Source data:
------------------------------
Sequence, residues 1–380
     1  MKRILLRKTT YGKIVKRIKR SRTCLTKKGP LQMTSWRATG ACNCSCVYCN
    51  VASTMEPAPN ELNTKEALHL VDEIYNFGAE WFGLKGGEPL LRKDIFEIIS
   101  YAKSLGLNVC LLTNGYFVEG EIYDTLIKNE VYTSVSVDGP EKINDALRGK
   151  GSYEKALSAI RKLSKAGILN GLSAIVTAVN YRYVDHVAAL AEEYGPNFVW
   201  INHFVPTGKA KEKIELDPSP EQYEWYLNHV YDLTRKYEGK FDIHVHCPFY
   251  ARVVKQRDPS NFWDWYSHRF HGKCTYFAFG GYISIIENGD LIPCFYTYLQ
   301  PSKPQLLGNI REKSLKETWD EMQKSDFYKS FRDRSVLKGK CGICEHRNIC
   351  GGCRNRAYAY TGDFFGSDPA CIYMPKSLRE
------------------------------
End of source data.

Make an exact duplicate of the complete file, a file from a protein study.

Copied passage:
Sequence, residues 1–380
     1  MKRILLRKTT YGKIVKRIKR SRTCLTKKGP LQMTSWRATG ACNCSCVYCN
    51  VASTMEPAPN ELNTKEALHL VDEIYNFGAE WFGLKGGEPL LRKDIFEIIS
   101  YAKSLGLNVC LLTNGYFVEG EIYDTLIKNE VYTSVSVDGP EKINDALRGK
   151  GSYEKALSAI RKLSKAGILN GLSAIVTAVN YRYVDHVAAL AEEYGPNFVW
   201  INHFVPTGKA KEKIELDPSP EQYEWYLNHV YDLTRKYEGK FDIHVHCPFY
   251  ARVVKQRDPS NFWDWYSHRF HGKCTYFAFG GYISIIENGD LIPCFYTYLQ
   301  PSKPQLLGNI REKSLKETWD EMQKSDFYKS FRDRSVLKGK CGICEHRNIC
   351  GGCRNRAYAY TGDFFGSDPA CIYMPKSLRE